A late April crash in Fresno County claimed the life of a Carmichael woman and seriously injured another, according to the Fresno County Sheriff Coroner’s Office. Summer Eitel, 39, was a passenger in a U-Haul truck that struck a tree and caught fire. Although passers-by were able to get the driver out of the vehicle, they were unable to save Eitel, who died at the scene.
ABC 10 reports the U-Haul was traveling north on Highway 99 in Fresno County south of Manning Avenue when the truck swerved onto the right shoulder, into the dirt and grass, and struck a Eucalyptus tree, where both the driver and Eitel were trapped. The U-Haul caught fire as California Highway Patrol arrived at the scene, where an officer and citizen were able to extricate the driver from the truck.
The U-Haul quickly became engulfed in flames before rescue personnel could save Eitel. The driver was hospitalized with major injuries, and a CHP officer was treated for smoke inhalation. ABC 10 notes that an investigation into the crash is ongoing.
About U-Hauls and other rental trucks
When moving to a new home or apartment, many people choose the DIY route, renting their own moving van or truck to get the job done. One of the most popular rental companies is U-Haul, along with other companies like Budget, Penske, Enterprise, and Home Depot (for local moves). Thousands of people rent these moving trucks and trailers every day, with little to no experience driving these types of vehicles.
U-Haul offers a variety of vehicles for rental to customers:
- Pickup trucks
- Cargo vans
- 10’ trucks
- 15’ trucks
- 17’ trucks
- 20’ trucks
- 26’ trucks
They also offer trailers up to 12 feet long.
How moving trucks and trailers can cause accidents
Going the DIY route has its pros and cons. You can save a lot of money and ensure your things are safe by doing the packing and moving yourself. On the other hand, U-Haul and other companies basically allow any adult with a driver’s license and a credit card to rent a 26-foot truck and take it out on the highway without any training or experience.
- Cargo falling off trailers
- Distracted drivers
- Driver fatigue
- Driver inexperience
- Improper loading of cargo
- Shifting in cargo
- Swaying trailers
- Trailers attached improperly
Drivers should always familiarize themselves with a rental vehicle and take it for a test drive in a safe area before embarking on the open road.
Tips for safely driving a moving truck
Driving a U-Haul or other rental vehicle doesn’t have to be a terrifying or dangerous experience. Take the following tips into consideration before getting behind the wheel to ensure you are a safe driver, as well as understand how to safely share the road with other rental truck drivers.
- Before leaving, map out your trip and ensure you are well-rested. Plan your stops for meals and rest as much in advance as possible.
- Check that the mirrors are unfolded, extended, and in your proper line of sight before starting your trip.
- Note your truck’s clearance level. From U-Haul: “If you are traveling on the highway, parking under an awning or near a carport, be mindful of your truck’s clearance level. ATMs, fast-food drive-throughs and gas pumps are areas that may have limited clearance and require caution.”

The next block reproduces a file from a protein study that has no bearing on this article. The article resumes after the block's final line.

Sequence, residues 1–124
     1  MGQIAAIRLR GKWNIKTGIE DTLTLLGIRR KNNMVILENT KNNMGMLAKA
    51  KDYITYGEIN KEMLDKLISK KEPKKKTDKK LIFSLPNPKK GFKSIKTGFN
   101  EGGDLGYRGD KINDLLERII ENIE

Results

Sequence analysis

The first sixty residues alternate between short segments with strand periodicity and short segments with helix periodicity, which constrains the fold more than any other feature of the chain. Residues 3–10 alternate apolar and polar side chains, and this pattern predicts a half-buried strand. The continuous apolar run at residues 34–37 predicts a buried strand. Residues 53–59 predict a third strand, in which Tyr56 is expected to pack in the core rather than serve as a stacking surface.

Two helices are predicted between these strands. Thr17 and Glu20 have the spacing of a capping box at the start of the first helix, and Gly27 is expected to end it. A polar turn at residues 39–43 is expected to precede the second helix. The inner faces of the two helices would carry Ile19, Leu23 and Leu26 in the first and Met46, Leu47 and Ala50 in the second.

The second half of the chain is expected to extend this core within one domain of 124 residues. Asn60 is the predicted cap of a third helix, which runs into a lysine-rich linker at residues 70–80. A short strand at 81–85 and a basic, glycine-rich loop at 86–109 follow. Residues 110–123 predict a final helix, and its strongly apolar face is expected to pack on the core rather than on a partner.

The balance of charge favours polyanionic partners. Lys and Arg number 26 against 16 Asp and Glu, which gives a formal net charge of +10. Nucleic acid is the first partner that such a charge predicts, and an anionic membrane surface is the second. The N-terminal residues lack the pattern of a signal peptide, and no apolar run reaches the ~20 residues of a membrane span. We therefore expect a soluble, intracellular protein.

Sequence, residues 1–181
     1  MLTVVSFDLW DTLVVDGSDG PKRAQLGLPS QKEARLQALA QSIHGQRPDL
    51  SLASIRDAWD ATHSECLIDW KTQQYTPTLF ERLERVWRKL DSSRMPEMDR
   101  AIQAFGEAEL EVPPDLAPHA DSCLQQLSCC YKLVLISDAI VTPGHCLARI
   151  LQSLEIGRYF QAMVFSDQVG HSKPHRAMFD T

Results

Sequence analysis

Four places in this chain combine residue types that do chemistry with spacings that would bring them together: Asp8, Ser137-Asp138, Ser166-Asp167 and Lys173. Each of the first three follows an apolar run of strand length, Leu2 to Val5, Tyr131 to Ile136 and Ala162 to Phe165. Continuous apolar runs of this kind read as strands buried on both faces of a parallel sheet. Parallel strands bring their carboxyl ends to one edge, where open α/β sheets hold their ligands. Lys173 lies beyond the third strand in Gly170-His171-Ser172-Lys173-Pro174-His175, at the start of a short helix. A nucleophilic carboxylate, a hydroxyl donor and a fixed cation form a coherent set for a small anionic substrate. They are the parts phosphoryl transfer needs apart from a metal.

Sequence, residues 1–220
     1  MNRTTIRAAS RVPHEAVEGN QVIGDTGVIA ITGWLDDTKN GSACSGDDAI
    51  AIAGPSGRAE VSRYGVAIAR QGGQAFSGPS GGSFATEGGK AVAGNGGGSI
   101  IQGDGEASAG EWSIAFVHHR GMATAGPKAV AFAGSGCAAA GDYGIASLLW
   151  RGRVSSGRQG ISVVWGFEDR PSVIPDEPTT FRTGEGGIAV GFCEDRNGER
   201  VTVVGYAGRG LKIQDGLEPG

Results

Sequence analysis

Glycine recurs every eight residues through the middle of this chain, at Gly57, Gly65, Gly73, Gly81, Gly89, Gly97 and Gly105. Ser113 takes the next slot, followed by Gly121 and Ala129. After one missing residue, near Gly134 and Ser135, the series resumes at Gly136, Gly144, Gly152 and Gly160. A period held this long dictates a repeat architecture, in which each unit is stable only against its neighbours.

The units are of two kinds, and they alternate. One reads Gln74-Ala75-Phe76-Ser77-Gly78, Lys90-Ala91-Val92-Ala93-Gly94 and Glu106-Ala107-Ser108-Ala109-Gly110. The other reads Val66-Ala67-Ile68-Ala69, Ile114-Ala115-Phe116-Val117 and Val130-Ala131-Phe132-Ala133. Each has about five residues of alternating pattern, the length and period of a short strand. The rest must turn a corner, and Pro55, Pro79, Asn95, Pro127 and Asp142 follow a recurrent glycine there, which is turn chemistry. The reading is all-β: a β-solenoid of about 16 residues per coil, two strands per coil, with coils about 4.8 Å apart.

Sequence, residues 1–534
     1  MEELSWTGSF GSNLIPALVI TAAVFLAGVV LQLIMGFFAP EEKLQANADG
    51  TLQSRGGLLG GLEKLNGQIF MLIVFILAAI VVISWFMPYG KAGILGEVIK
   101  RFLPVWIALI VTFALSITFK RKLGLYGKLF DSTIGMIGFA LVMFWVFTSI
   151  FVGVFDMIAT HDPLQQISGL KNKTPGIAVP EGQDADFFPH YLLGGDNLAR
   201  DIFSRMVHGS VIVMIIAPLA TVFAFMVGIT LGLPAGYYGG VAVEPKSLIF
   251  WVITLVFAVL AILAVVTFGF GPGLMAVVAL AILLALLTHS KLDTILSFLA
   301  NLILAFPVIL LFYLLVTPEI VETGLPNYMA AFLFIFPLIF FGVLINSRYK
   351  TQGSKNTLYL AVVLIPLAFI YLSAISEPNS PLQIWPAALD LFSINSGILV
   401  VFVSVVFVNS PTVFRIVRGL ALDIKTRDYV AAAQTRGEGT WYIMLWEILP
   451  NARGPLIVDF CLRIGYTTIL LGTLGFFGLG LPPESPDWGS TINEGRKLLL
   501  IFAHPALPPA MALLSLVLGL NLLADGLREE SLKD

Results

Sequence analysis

- Drive a little more slowly than usual; you are driving a very heavy vehicle. Ensure you follow all posted speed limits and pay extra attention to weather and road conditions.
- Ensure you leave space between you and the vehicle in front of you. Do not tailgate and try to leave the space of about five vehicles between you both – this gives you enough room to stop in case you need to suddenly brake.
- Remember that your truck will need more time and room to brake than a traditional car or SUV. Apply your brakes sooner than you normally would.
- Give yourself extra room when turning. U-Hauls and other rentals are large enough that they tend to cut corners on right turns, so take that into account when making turns.
- Proceed with caution when changing lanes. Because of the size and blind spots on your truck, changing lanes can be tricky. Use your turn signals, check your mirrors, and ensure you have enough space.
- Only pass when necessary, and avoid doing so on hills, curves, and on narrow roads. Overtaking another vehicle in a large truck is more difficult than it seems.
- Back up safely and slowly, and use a spotter if possible. Your passenger can help you in and out of parking spots and other areas by getting out of the truck and directing you. This also keeps other vehicles, pedestrians, and bicyclists in the immediate area safe.
If you were injured in a crash with a U-Haul or other type of rental vehicle, it is important to consult with an experienced personal injury attorney. These types of cases can be complicated in nature due to the multiple parties involved.
The attorneys at McNicholas & McNicholas LLP represent injury victims throughout Los Angeles. We invite you to contact us to see how we can advocate for you. To schedule a remote review of your case, call 310-474-1582 or reach out to us through our contact page to tell us your story.
Please note that this blog is not to be construed as legal advice. Because every case is fact-specific, you should consult directly with an attorney to obtain legal advice specific to your situation.
For more than three decades, McNicholas & McNicholas, LLP has built a reputation as one of California’s leading law firms. Founded by a family of attorneys spanning three generations, John McNicholas and sons, Patrick and Matthew, have tried hundreds of cases to jury verdict on behalf of clients. Learn More about McNicholas & McNicholas